The never ending mommy brain 

 
I guess it is hormones or the newness of taking care of another human life that burns your brain cells and makes things foggy. Whatever it is, most women can relate. You can go from sharp as a tack to Jell-o brain real quick. Multitasking is a must but can almost seem impossible at times. With a huge load to carry it’s almost impossible to remember it all. Last summer, as I turned 30, I had another new chapter to add to my book. I was diagnosed with ADHD. I visited my primary care physician and told her I was having trouble remembering simple things. She referred me to a neuropsychologist where I described what was going on. “It just seems like the fog that happened after the baby never went away.”  

I had never recalled feeling so foggy before. I started school at second grade. From the first day I was a gifted student and took gifted classes throughout high school. I had no challenges or delays when it came to learning or retaining information. I may have been a bit lazy in school but I never had to work very hard to make decent grades. The same would apply to undergrad and grad school. But being a mom and having a career was kicking my ass! 

My doctor ran some tests. They were long and brutal. After the screening I knew what I was dealing with. I had seen the same things in my students and had to suggest similar tests to their parents. The doctor, however, was very shocked. “I’ve never diagnosed someone with ADHD before at your age,” she said.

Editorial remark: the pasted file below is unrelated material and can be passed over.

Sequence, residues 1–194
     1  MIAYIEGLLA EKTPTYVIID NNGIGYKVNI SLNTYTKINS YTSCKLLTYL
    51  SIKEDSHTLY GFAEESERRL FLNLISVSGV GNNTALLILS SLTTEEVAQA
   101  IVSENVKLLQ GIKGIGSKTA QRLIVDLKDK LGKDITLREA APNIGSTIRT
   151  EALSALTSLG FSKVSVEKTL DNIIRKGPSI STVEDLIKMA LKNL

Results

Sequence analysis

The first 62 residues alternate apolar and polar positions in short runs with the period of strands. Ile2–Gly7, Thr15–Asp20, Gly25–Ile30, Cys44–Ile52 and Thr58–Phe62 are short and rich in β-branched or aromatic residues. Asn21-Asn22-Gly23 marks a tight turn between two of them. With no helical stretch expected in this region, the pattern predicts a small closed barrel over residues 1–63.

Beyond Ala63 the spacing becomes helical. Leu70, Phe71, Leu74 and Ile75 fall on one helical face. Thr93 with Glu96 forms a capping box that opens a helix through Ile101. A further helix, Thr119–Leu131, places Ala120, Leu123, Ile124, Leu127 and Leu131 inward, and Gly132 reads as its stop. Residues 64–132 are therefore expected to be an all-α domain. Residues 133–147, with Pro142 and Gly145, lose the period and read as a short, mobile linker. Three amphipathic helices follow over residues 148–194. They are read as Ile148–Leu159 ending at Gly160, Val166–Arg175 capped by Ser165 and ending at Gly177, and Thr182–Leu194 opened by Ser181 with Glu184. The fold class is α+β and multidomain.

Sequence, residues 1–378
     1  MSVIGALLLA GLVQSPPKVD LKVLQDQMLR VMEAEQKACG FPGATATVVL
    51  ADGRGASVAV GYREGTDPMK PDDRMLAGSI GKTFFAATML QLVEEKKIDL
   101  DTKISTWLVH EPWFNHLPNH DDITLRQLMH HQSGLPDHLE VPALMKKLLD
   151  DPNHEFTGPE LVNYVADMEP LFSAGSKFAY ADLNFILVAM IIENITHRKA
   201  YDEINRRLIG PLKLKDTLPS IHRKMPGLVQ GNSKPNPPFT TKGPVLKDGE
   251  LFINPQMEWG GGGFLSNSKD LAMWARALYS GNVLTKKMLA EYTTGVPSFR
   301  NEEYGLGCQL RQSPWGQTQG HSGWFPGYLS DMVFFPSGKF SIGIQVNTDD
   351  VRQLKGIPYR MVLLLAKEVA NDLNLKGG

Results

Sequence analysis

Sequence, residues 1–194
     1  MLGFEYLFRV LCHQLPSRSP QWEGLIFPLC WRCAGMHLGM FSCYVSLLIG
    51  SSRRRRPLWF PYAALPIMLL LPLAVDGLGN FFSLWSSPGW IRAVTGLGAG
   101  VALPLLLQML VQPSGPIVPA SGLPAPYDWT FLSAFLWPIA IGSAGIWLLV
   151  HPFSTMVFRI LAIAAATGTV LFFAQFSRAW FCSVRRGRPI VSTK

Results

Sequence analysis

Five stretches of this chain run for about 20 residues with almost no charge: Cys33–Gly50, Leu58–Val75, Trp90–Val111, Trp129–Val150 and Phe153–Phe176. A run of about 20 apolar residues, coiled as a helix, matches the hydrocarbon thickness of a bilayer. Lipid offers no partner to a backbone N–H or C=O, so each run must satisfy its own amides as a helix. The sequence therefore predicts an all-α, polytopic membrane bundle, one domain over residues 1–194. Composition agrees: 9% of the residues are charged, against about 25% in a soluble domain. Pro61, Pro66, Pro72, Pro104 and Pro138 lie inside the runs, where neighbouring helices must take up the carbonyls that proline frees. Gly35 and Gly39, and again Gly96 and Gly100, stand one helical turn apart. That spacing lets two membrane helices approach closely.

She explained the results of my tests. My ability to retain information from one minute to the next was poor. I was impulsive (that would explain some really bad things I did in college). I could probably use some help in these areas so she gave me a prescription for some medicine. 

It was quite ironic that as a school counselor at the time that I would be administering my own medication before doing the same for my students. Nonetheless, I took the advice and was glad to have an answer to my permanent baby brain situation. And looking back, I see where I was struggling with this all along. My attention span has always sucked. I often daydreamed and to this day have trouble watching a movie from beginning to end. Studying was a joke; all nighters in my dorm usually consisted of lots of coffee, jokes, and fashion shows. 

I’m glad that I know it’s never too late to learn something new. Though I enjoyed goofing around with my friends on those late nights, I just don’t have that much time to waste anymore. And although I don’t really care too much for movies, I need to be able to complete a lengthy task. So I’m grateful that my journey into motherhood taught me something new about myself. 

  My son, Eli, made this. I think this is a good representation of what is happening in my brain on most days. 

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